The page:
Showing posts with label Rowan Knitting and Crochet Magazine. Show all posts
Showing posts with label Rowan Knitting and Crochet Magazine. Show all posts

Friday, 26 October 2018

Rowan Knitting & Crochet Magazine 64: A Review

Rowan Knitting & Crochet Magazine has released issue 64 of their magazine. Let's have a look at it.

Abbotts. This one's an unholy hybrid of a vest and a wrap, and it actually works surprisingly well and would be a pretty wearable way to add a warm layer to an outfit.

Alizarin. Some great texture in this coat, and I like the scalloped edges.

Beacon. The cowl in this product shot is a separate piece from the cardigan. They look pretty good worn together and with the cowl doubled, but the cowl doesn't look good worn single fold (admittedly cowls don't usually look good that way), and I can't get a sense of how the sweater looks by itself from the available photos.

Butlers. Nice cabled mitts.

Carise. Nice chartwork, but I'd reshape this one as cropped and wide is a difficult shape to wear.

Carmine. I rather like this one with its striking pattern and blanket fringe, and it looks ever so warm and comfortable. I would fix the dropped shoulders, though I'd leave the armholes larger as this needs to fit over other things in a roomy fit. This is a coat that will go with a limited number of outfits, but look what it does for a plain t-shirt and jeans.

Carnelian. This doesn't sit particularly well.

Chota. I'd shorten the proportions of this one, both regarding total length and the length of the v-neckline, as it has a dowdy look as is. Nice stitchwork though.

Cinnabar. Beautiful and inventive pattern, and the lines are good.

Claret. What a striking, attractive pattern.

Falu. Classic cabled wrap.

Folly. The adapted chartwork from the Carise design above makes for a nice-looking cowl.

Fowberry. I'd fix the dropped shoulders on this one, and perhaps add a cuff or a band of the body stitchwork to the sleeves to pull this look together a bit more.

Garnet. I'd reshape this one to look more like it was designed for the human form. There are batwing designs that work, but this doesn't happen to be one of them.

Gazebo. The shape is good and the star motif is very pretty. I'd expect no less given that this is a Kaffe Fassett design.

Hensting. A classic, wearable piece.

Houghton. The bobbles make for a fun, modern look to this cowl.

Juliaca. Very lovely stitchwork in this one. I'd lengthen this as cropped sweaters look awful on me, but some women can carry off the cropped length so your yarnage may vary depending on whom the intended wearer is.

Lightfoot. I tend to see bobbles as something that should be employed sparingly. This jacket would make me feel as though I'd been encased in bubble wrap.

Magenta. Love the stitchwork and the lines are good.

Maroon. Very pretty. That floral pattern is just so sweet.

Marshwood. I like some parts of this, such as the beautifully pattern used through the body and sleeves, but this one isn't quite pulling together as a whole. I think it would work better with a more analogous colour scheme. Putting dissimilar patterns and colours that don't really work together tends to result in a visually conflicted piece.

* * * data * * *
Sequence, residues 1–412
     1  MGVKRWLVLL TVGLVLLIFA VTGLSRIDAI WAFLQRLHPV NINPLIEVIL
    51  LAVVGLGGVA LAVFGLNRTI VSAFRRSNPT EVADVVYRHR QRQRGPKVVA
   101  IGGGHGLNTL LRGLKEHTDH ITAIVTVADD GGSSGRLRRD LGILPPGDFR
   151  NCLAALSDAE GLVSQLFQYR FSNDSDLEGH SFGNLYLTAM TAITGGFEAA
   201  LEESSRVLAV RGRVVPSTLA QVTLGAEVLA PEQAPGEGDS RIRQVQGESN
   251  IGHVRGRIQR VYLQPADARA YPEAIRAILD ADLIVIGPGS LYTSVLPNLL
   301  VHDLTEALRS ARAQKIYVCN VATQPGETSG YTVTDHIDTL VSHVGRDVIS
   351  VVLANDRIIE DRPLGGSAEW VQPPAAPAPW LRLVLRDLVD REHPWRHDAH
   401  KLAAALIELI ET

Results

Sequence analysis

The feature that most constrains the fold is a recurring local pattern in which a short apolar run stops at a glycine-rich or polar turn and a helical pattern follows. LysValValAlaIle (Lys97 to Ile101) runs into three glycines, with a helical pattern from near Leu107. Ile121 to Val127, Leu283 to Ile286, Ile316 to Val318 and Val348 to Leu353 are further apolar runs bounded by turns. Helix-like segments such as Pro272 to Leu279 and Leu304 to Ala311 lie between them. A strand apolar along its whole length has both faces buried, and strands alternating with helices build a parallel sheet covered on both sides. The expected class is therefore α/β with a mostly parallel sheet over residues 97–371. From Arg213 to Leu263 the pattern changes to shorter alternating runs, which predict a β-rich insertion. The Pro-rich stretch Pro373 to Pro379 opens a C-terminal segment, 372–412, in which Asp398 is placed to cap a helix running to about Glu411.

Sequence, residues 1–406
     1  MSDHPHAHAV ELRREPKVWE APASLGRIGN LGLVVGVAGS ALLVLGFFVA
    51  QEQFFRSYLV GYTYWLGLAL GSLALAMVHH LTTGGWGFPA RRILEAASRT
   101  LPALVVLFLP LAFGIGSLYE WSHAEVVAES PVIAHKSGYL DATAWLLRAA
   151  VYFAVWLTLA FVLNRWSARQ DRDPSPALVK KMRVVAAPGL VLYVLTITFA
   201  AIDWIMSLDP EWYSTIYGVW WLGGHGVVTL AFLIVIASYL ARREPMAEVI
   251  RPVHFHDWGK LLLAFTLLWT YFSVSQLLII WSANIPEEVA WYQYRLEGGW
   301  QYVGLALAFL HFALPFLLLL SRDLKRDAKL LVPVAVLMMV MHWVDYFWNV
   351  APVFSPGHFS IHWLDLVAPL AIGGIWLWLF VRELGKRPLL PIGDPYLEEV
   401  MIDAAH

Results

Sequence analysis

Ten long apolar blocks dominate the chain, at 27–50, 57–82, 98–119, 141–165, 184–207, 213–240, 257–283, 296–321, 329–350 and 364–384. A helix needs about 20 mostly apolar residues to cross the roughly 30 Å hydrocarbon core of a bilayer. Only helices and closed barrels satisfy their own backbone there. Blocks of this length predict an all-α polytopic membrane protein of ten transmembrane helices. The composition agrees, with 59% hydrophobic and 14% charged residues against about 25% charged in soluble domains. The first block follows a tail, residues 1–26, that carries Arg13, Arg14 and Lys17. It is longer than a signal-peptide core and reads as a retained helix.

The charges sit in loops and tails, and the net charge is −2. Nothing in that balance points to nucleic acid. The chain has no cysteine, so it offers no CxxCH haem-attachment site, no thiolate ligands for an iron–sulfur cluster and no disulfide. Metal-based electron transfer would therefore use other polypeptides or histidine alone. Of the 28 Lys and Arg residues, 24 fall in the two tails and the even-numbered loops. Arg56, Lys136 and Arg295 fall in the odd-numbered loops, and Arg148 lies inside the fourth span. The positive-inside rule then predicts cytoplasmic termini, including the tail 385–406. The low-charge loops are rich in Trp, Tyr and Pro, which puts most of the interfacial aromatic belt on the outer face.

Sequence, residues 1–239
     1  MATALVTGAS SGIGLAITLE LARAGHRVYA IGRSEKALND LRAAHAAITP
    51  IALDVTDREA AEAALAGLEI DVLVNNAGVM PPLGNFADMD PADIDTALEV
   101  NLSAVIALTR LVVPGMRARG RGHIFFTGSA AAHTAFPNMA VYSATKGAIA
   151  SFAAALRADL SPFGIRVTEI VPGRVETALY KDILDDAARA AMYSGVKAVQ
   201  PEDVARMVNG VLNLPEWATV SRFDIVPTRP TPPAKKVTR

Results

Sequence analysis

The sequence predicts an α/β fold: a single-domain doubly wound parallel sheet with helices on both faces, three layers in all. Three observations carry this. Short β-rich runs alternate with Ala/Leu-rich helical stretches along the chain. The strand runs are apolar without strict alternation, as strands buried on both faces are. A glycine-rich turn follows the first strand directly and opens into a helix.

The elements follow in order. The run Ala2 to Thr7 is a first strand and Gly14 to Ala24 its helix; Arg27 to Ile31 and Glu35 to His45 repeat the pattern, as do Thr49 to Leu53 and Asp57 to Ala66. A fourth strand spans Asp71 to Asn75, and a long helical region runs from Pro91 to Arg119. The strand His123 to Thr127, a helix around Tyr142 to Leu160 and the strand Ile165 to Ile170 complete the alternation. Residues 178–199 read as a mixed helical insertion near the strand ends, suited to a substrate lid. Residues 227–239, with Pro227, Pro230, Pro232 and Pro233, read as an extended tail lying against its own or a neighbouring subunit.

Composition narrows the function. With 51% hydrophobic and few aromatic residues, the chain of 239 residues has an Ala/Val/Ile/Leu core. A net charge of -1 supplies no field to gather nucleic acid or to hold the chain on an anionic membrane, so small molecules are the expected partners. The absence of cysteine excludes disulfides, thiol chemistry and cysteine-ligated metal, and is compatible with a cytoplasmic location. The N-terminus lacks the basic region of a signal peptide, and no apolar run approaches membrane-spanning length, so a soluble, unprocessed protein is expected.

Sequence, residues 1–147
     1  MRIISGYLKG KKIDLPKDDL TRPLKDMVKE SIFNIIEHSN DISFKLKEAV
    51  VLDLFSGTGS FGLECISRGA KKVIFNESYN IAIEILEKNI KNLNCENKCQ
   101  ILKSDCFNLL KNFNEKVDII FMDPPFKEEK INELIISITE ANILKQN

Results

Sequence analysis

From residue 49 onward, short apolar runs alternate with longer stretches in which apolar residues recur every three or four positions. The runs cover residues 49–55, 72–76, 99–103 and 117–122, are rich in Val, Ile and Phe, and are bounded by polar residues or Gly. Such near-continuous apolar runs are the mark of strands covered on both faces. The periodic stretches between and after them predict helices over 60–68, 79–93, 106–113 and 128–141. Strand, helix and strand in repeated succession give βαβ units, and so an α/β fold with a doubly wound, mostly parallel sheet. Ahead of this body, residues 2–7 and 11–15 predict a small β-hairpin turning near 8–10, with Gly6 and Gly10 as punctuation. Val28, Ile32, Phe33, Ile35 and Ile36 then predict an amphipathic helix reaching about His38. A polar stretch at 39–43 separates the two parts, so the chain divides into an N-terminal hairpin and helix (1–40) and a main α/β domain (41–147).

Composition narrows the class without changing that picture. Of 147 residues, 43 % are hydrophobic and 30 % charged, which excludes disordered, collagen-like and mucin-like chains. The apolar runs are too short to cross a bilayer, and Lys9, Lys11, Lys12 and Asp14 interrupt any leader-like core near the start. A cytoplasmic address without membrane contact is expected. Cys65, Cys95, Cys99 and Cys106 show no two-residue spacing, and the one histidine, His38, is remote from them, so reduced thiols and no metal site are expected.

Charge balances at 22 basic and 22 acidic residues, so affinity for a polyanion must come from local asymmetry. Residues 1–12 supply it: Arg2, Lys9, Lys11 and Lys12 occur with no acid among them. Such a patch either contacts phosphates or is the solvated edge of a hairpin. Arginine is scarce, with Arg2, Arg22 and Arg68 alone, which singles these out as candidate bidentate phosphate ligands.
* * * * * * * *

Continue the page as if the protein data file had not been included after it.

Mayfield. Nice wrap with some very pleasing stitchwork.

Pennybridge. I can't get past the feeling that this sweater was slashed open down the front and then badly tacked together again.

Perinone. This is the cover look, but of course the waist-up version on the cover doesn't do justice to the entirety of the design. This full-length wrap is not only lovely but brings the drama as few knitted items do, and it drapes and hangs well even in the photos where the model isn't twirling.

Popham. Not bad. The sleeve detail is interesting and the shape is good. I would like a more finished-looking cuff, and I wish I could see the neckline.

Pucallpa. A lovely, even elegant, wrap. The stitchwork is attractive and the alpaca yarn looks luxuriously soft and warm.

Redwood. I don't mind the cable and seed stitch detail on the sleeve, but I'm finding the waist cable an awkward look.

Rosewood. As I look at this, I can't help concluding that there are more graceful and attractive ways to design the tie a front-tie sweater. This woman has the look of an awkwardly wrapped present.

Rosso. Pretty and looks like it would feel luxurious and special to wear.

Rust. I must say, this design is as close to elegant as variegated ripples will ever get. It actually looks like a stylish wrap rather than like an afghan with pretensions.

Sangria. Love this one. I think you couldn't help but notice this one if someone wearing it walked by you on the street.

Tarma. This one hangs awkwardly in both the product shots that are available for it, which is not a good sign.

Teesdale. Interesting combination of patterns.

Venetian. Classic lace scarf.

Vermillion. Love the colours and the stitchwork in this crocheted scarf, but I might scale down the size of it a little. This model looks a little overwhelmed by it, and remember models tend to be quite tall and have long necks.

Woodbine. This is a fun, lively scarf. I'd put a fringe on it to make it look a bit more polished.

Friday, 20 April 2018

Rowan Knitting & Crochet Magazine 63: A Review

Today we're going to have a look at Rowan Knitting & Crochet Magazine 63.